Armed with hundreds of trail cameras, scientists from across North America have come up with the data to form a list of the wildlife most and least comfortable around people.
Most of the findings will come as no surprise to most of those familiar with the continent’s mammals, except for the Anchorage surprise:
Moose don’t like living around humans, the authors concluded.
Tell that to residents of Alaska’s largest city where the moose behave a lot like the pesky whitetail deer of the lower 48, attacking gardens, gobbling ornamental trees and causing automobile accidents.
Why wouldn’t they? Hunting is now banned in most urban and suburban areas. With humans no longer acting like predators, they’ve largely become protectors against predators.
The study found coyotes, cougars (the wildlife kind), wolves and grizzly bears less active in human-dominated environments. That makes human-dominated environments something of a safe space if your role in the natural scheme of things is as prey.
Animals figure out these sorts of things. Scientists studying moose in the White Mountains north of Fairbanks in the central part of the state found some of the animals moving 40 to 60 miles to the city to calve in the spring.
“One untested explanation of (these) unpredicted movements, other than forage-related, might be harassment by bears or other predators,” they wrote.
Motor vehicles are a serious threat to moose and white-tail deer in human-dominated habitats, but even with that risk. the mechanical threats are more predictable, and thus less dangerous, than the wild threats of tooth and fang.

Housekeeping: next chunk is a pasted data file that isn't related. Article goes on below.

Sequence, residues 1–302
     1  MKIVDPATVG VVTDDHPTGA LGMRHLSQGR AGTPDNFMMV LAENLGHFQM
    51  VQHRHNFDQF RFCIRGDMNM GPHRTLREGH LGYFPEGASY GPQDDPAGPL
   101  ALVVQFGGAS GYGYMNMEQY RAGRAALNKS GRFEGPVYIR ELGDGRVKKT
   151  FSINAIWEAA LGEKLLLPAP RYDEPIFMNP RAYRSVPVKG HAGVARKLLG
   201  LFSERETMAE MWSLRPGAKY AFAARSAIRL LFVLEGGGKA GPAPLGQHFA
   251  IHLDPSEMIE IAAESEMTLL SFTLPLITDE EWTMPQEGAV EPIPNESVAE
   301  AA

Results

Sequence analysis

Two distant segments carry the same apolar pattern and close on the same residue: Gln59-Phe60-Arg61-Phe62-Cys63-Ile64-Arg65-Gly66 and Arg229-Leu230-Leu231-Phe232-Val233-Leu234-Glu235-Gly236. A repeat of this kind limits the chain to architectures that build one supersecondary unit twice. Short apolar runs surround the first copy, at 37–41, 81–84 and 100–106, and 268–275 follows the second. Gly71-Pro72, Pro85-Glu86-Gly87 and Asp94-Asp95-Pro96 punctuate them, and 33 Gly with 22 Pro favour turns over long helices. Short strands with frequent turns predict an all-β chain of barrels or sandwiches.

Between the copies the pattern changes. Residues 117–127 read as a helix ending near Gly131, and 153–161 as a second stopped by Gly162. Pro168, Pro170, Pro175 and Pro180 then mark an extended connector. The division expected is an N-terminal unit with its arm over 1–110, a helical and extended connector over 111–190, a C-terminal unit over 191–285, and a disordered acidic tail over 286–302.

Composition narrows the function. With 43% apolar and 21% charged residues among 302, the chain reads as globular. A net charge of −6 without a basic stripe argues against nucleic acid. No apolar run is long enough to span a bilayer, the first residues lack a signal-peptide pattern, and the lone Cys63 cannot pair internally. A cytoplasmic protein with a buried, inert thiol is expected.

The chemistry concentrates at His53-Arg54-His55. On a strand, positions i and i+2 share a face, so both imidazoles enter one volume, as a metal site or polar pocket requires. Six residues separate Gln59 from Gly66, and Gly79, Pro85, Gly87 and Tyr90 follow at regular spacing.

The study found most predators less active in environments frequented by humans. Generally, the authors concluded, all species have some sort of threshold for how much human contact they will tolerate.
“From a management perspective, I think the thresholds that we’ve started to identify are going to be really relevant,” the study’s lead author, Justin Suraci from Conservation Science Partners told the science website Phys.org . “This can help us get a sense of how much available habitat is actually out there for recolonizing or reintroduced species and hopefully allow us to more effectively coexist with wildlife in human-dominated landscapes.”
But there are human thresholds in play as well.
Having grizzly bears, wolves and, in the lower 48, cougars in the neighborhood comes with certain risks as Anchorage residents know all too well.
Bears have killed several residents in recent years, the last a 44-year-old Eagle River man who went for a hike in his neighborhood in 2018 only to run into a family of hungry grizzlies.
Most Anchorage residents don’t consider that part of their neighborhood, but bears have little trouble crossing Turnagain Arm.
As a result of fears about the risks posed by bears, Anchorage residents and authorities killed more than two dozen last year, and it is hard for any wildlife to coexist with humans when dead.
There could be simple reasons for why predator numbers are low in human-dominated areas while less-threatening wildlife like deer – or moose, the deer of Anchorage – flourish.
But where there is enough cover and space, even grizzlies have figured out how to co-exist.